Based on the above information it is possible to determine a series of O-ring sizes capable of covering all belt lengths that may be needed in Meccano. However, using a maximum of 15% stretch, would require an excessive number of types, therefore leading to a rather high cost for the stock. So I decided to work with 5% to 25% stretching. 5% would probably give enough grip for most applications and 25% probably would not apply excessive forces on axles and bearing holes. The 25% stretch is excessive compared to the Parker Hannifin recommendation and therefore may lead to reduced O-ring life but, anyway, it is much less of an abuse than the stretching implied in most Meccano belts sizes.
This led to 10 sizes from 2.5” to 11” lengths for light belts among the standard O-rig sizes of 1.78mm diameter section. In the table below L stands for length and Nom. Diam. is the O-ring inside diameter, when relaxed, which is its main characteristic measure appearing in manufacturer lists. L @ 1.05 and L @ 1.25 are the minimum and maximum belt lengths possible at 5% and 25% stretching respectively. In the last column the corresponding standard dash number of the O-ring is listed.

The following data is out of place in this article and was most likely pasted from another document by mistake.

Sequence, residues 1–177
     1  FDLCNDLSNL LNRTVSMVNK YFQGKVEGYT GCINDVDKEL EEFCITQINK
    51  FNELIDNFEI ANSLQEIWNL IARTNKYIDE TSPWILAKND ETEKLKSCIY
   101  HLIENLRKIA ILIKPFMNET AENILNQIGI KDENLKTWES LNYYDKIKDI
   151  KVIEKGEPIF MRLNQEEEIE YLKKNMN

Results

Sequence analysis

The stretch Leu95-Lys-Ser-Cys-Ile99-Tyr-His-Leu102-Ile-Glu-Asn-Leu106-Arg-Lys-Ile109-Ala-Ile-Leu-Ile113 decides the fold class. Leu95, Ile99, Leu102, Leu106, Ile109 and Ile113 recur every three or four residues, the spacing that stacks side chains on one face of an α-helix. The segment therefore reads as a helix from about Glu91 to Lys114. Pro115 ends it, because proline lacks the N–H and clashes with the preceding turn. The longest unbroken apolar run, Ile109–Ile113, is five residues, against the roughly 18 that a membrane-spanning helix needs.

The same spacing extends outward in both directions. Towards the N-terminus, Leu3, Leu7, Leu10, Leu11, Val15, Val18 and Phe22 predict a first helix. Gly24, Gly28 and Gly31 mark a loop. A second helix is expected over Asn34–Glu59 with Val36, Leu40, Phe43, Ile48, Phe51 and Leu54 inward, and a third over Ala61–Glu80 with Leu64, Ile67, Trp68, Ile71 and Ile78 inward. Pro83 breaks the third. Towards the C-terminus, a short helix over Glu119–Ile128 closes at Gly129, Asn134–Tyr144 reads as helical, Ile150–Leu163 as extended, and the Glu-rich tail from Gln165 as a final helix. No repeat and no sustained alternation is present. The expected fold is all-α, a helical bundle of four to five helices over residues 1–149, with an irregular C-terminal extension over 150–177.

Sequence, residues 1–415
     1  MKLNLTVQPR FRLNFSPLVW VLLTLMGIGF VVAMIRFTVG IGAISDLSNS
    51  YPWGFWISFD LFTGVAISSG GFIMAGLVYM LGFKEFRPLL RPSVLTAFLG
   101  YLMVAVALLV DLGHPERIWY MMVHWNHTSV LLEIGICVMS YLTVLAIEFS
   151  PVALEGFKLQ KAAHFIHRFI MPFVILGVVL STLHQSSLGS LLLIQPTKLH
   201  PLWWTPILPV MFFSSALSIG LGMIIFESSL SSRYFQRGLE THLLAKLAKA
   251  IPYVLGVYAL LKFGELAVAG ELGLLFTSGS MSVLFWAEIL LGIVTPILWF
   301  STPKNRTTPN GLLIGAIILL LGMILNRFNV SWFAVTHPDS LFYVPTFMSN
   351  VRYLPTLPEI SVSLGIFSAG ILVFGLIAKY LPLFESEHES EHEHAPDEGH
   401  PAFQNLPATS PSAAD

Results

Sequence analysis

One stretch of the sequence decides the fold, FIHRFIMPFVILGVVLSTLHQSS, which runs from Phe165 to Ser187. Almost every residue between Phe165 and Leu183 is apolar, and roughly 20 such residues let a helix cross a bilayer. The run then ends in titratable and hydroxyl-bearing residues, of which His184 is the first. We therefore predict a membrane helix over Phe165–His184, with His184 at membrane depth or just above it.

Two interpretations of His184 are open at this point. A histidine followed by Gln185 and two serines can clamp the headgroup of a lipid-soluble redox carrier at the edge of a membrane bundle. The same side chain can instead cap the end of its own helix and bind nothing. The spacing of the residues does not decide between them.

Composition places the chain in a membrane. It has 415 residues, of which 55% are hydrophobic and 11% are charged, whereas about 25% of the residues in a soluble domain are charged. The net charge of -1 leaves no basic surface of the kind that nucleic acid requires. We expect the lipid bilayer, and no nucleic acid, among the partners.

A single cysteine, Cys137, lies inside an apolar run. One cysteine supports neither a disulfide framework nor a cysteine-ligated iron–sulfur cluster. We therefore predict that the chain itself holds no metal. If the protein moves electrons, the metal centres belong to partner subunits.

As will be shown, the lower cost of the O-rings when compared to the Meccano belts will more than compensate for the bigger number of part types.
|L nom. in||L nom. mm||Nom. Diam. mm||
L @ 1.05 mm
|L @ 1.25 mm||Std. dash nº|
For the heavy belts I also arrived at a 10 sizes series of 2.62mm O-rings. As in the case of Meccano belts I provided an overlap between the two series. The heavy series goes up to 30” whereas the original Meccano square section belt series stops at 20”. For maximum economy the last three sizes of each series may be omitted and still all Meccano lengths will be covered with 14 sizes.
|L nom. in||L nom. mm||Nom. Diam. mm||L @ 1.05 mm||L @ 1.2 mm||Std. dash nº|
For the sake of completeness I added another five sizes of the next O-ring section which is 3.53mm, the area being 9.79mm2 which could be called “very heavy belts”. To have longer belts this is necessary since the biggest standard 2.62mm O-ring is the -178. I chose 5 sizes going to about 40”, which is consistent with a belt “going around” a 49-hole girder, the longest Meccano part... Again there is an overlap of 3 sizes between these and the 2.62mm sizes.
L nom. in
L nom. mm
Nom Diam mm
L @ 1.05 mm
L @ 1.25 mm
Std dash nº
With these tables I went to a good O-ring retailer, Vedasul (vedasul.com.br), which sells parts from a Brazilian manufacturer, to discuss the rubber compound.